Maria von Trapp had them, you have them, I have them. They’re the favorite places, moments, and subjects that provide comfort or coax a smile no matter what life has dealt. Not only do these “favorite things” improve our mood, they’re the muse that drives our best photography. Mine include the translucent glow of a California poppy, a black sky sprinkled with stars, a breathtaking sunrise duplicated in reverse by still water, and the vivid arc of a rainbow following a cleansing rain. Also on my list (as you may have guessed by now) are the rolling hills and stately oaks of the Sierra foothills, a delicate slice of moon hovering above the horizon, and the subtle band of shifting color separating day and night.
I do my best to put myself in position to photograph all of these moments—the more I can combine, the better. For example, on my calendar each month (among other things) are the best days to photograph the old moon before sunrise, and the new moon after sunset. And in my GPS is a collection of foothill locations (though by now I’m sure my car could navigate to these spots on its own) with hilltop oak trees that stand against the sky.
The best evenings for the new moon in the most recent lunar cycle were Friday and Saturday, January 31 and February 1. With plans for Friday, I blocked Saturday and made the drive up to the foothills, where I waited at a favorite spot for the sun to drop and the moon to appear. Over the years I’ve accumulated lots of pictures of these trees beneath a variety of skies, with and without the moon. My composition decisions on each visit were mostly determined by the conditions: clouds, color, the moon’s direction, and the moon’s elevation above the horizon.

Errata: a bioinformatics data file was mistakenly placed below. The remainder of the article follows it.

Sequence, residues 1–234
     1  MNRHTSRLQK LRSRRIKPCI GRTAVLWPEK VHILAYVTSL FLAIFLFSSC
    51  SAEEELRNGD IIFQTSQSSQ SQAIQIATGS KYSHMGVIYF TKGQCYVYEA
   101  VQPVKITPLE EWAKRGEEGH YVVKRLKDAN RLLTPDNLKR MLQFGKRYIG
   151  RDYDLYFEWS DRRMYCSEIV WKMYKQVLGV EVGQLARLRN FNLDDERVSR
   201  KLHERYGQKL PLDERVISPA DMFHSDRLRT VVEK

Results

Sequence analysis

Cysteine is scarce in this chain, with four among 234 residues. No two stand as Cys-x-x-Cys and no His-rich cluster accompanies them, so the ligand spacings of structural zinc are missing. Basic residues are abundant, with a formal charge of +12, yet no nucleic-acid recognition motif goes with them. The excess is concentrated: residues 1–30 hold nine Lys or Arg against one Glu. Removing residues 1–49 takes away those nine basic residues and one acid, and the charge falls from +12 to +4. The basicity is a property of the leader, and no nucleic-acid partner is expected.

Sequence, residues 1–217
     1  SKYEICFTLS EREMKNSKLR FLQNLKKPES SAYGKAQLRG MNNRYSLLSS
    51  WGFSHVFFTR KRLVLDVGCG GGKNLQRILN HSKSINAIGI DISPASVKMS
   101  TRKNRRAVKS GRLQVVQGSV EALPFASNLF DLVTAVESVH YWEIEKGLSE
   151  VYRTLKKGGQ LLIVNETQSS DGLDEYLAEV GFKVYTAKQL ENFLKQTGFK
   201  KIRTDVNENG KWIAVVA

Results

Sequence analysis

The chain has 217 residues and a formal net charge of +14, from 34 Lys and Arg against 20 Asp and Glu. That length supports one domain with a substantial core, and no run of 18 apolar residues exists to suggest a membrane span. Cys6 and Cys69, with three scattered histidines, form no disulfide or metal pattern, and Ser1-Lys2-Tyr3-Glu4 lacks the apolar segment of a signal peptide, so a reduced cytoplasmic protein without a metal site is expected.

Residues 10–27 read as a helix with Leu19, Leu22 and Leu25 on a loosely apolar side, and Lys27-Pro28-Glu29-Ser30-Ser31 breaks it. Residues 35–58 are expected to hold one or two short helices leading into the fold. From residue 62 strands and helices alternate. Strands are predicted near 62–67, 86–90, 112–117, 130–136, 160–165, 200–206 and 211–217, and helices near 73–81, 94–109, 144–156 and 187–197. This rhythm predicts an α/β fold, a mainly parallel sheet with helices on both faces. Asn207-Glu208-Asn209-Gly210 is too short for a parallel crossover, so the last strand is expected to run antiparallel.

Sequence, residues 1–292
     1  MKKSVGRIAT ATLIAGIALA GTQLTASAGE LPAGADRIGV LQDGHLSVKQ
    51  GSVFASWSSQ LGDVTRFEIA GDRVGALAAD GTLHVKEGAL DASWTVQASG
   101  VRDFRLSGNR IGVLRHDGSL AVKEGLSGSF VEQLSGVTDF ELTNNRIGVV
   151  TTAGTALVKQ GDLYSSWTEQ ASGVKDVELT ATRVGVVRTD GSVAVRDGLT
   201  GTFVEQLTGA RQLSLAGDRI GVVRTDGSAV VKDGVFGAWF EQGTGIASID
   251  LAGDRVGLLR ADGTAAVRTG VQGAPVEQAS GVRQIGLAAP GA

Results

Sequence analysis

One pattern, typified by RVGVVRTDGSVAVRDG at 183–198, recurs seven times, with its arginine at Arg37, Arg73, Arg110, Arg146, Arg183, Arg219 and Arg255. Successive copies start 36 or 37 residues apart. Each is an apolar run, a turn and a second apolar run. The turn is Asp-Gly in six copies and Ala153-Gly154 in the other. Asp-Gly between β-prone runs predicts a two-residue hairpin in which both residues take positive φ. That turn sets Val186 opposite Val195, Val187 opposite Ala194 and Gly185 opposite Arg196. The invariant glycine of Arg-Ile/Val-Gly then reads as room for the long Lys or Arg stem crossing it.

Saturday night’s cloudless, unspectacular sky spread a simple canvas that emphasized the crescent moon floating above the day/night transition I love so much. As an added bonus, Mercury joined the party, leading the moon to the horizon (above the tree on the right). In the deepening darkness I moved up and down the road to change the moon’s position relative to the trees. With the moon fairly high, I found that moderately wide, vertical compositions worked best. I underexposed slightly to and emphasize the trees’ shape with a silhouette; with nothing else to balance my frame, I decided on the symmetry of an isosceles triangle connecting the trees and moon.
I reslly love the art and how you have captured scenes during the day/night amazing,
I was out on Saturday here in AZ photographing the same moon! Since I had to work all day, I wisely took my camera with me, but not my tripod, so I could not get a longer exposure handheld. I love those little slivers of moon and it was a treat to see Mars as well.Your photos and locations always inspire and teach me. Thanks.
I have a camera and tripod in the back of my car for just those moments. But camera or not, I’m always happy to see it.
A timeless song, enjoyable in a “different way” each time we hear it – My favorite is actually John Coltrane’s version, which proves the point that we are in a different “place” each time we hear it (I am anyway). I believe this concept connects ABSOLUTELY to YOUR point, as well as your actual practices. Getting asked “Why do you go back there so much?” really makes me smile now because I think of you and your words. When a place is full of surprises each time we see it, then that’s our heart and soul connecting with it…you are the best example I can think of who reinforces and lives in that concept…Wonderful, Gary!